A Vietnamese man who had an infected head injury may have been saved by maggots that ate the dead tissue, Central European News (CEN) reported.
Pham Quang Lanh, 28, was struck by an iron bar that had fallen off the building where he was employed as a guest worker in Malaysia. A titanium plate was inserted over his skull and seemed to heal, leaving Lanh with occasional headaches.
A year ago, he noticed it was swollen and sore to the touch.
"I didn't want to go to hospital again because I hoped it would heal on its own and even now, three years later, I'm still paying the bill back for the last operation. I just couldn't afford another medical bill,” Lanh told CEN.
When his family looked at the wound, they noticed maggots under his skin and took him to Hanoi’s Viet Duc Hospital.
Doctors there determined that the injury’s initial swelling was due to infection and eventually some of the tissue had died, leaving him with a festering injury.
He was taken into surgery, where doctors discovered several maggots, which were removed, but then needed to operate to remove maggots that had gone in deeper.
In an unusual twist, it turned out that the maggot infestation had actually saved the man’s life by eating the necrotic tissue, Dr. Nguyen Duch Anh, of the hospital’s neurology ward, told CEN.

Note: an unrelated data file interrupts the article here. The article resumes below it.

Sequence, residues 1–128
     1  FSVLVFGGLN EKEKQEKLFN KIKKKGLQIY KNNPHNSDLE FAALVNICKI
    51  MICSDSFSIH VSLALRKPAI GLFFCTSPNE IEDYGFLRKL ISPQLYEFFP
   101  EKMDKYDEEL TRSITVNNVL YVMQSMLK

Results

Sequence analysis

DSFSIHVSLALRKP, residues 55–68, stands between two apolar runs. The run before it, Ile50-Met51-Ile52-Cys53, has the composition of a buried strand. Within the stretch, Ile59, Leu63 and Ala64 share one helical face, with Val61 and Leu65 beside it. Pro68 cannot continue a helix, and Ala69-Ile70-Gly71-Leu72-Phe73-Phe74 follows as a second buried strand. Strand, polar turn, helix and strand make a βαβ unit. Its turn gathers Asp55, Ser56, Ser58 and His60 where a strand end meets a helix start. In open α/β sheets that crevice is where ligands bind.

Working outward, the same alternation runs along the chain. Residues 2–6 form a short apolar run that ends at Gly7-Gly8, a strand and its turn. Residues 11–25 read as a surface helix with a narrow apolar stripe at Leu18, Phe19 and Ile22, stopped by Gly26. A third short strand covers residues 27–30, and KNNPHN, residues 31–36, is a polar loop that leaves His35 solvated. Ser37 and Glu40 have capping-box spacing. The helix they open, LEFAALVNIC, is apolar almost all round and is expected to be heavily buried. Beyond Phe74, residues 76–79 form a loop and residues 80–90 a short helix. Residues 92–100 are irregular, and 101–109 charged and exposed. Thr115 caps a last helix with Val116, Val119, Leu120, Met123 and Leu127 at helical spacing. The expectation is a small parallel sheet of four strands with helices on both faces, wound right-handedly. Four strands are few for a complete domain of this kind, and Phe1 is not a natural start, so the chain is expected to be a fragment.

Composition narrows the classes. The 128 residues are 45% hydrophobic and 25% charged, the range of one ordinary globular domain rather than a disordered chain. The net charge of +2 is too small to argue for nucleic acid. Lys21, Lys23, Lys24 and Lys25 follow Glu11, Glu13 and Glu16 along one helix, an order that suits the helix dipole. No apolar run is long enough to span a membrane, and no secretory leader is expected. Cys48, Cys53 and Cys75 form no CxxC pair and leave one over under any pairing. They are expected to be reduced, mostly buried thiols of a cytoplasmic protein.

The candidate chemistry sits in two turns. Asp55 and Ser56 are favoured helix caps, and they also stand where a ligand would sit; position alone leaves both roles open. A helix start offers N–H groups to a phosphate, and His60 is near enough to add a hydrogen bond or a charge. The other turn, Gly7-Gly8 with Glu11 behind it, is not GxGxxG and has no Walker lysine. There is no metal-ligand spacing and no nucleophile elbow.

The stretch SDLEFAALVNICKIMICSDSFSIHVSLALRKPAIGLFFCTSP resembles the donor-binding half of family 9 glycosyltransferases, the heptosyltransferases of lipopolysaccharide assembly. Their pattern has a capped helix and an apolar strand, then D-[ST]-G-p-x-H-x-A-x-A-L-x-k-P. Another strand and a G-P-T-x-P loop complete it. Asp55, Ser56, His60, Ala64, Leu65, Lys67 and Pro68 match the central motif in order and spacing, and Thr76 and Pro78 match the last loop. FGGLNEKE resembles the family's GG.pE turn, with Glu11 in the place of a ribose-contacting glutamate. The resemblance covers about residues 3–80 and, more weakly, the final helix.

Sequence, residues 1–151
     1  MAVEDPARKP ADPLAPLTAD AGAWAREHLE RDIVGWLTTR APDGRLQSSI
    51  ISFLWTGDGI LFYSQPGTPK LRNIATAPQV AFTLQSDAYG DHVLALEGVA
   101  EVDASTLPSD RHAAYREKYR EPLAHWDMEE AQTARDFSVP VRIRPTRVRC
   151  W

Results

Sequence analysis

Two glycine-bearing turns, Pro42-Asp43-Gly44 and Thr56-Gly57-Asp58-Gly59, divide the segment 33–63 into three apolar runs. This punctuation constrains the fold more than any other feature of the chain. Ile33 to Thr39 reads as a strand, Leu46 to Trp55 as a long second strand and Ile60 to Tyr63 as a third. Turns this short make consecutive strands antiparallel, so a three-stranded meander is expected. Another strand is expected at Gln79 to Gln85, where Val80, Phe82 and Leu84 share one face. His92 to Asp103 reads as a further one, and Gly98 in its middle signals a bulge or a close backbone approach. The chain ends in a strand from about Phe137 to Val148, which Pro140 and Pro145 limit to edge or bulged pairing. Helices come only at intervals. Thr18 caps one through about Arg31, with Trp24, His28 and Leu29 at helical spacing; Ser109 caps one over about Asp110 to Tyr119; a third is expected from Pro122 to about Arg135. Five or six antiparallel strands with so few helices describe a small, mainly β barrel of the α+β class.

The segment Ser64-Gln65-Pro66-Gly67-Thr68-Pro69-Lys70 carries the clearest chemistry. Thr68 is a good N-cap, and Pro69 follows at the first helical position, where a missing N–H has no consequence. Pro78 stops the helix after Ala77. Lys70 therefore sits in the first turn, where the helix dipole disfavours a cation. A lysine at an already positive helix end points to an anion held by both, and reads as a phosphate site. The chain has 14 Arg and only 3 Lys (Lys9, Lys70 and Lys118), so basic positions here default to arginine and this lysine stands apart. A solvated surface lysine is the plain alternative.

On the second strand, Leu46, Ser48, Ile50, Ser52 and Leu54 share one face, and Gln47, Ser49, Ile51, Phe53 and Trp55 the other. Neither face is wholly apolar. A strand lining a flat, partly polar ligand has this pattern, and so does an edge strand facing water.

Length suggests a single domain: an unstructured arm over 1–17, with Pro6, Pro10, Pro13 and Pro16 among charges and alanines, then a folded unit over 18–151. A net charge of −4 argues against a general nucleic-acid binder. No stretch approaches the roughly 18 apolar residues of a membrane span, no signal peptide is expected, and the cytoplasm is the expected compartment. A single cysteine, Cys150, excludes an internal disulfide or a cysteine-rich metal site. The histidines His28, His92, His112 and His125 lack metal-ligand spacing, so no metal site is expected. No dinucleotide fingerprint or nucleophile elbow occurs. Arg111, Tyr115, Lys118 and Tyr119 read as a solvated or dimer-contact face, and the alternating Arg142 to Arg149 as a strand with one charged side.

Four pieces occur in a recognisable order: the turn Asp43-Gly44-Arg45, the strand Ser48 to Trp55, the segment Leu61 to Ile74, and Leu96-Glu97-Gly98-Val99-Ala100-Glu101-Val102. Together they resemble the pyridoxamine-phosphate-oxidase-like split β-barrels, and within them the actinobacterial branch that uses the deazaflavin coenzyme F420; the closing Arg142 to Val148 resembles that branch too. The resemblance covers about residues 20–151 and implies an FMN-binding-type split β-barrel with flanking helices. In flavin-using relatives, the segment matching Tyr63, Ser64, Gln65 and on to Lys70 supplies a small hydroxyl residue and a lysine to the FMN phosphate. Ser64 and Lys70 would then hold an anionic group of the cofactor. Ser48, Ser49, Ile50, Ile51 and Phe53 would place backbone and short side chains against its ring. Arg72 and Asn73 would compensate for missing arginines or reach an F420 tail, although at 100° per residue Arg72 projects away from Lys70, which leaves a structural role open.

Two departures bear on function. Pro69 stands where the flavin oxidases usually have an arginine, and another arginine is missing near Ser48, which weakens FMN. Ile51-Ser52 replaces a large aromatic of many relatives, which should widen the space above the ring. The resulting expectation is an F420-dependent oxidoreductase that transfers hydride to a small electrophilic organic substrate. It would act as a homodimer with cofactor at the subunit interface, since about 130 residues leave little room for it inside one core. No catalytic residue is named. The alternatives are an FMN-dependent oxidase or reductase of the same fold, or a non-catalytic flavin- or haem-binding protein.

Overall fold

"This sort of fly infestation is extremely rare, especially in the skull. I found eight references to it in medical literature worldwide, and in every case the other patient died,” he told CEN. “In this man's case, however, the maggots had not gone on to eat any of his brain because of the metal plate, and actually may have kept him alive by eating the dead tissue that might otherwise have made the infection spread more quickly and killed him.”
According to CEN, the use of maggots to cleanse wounds is well known in historical medical practices because they can remove dead tissue and disinfect wounds.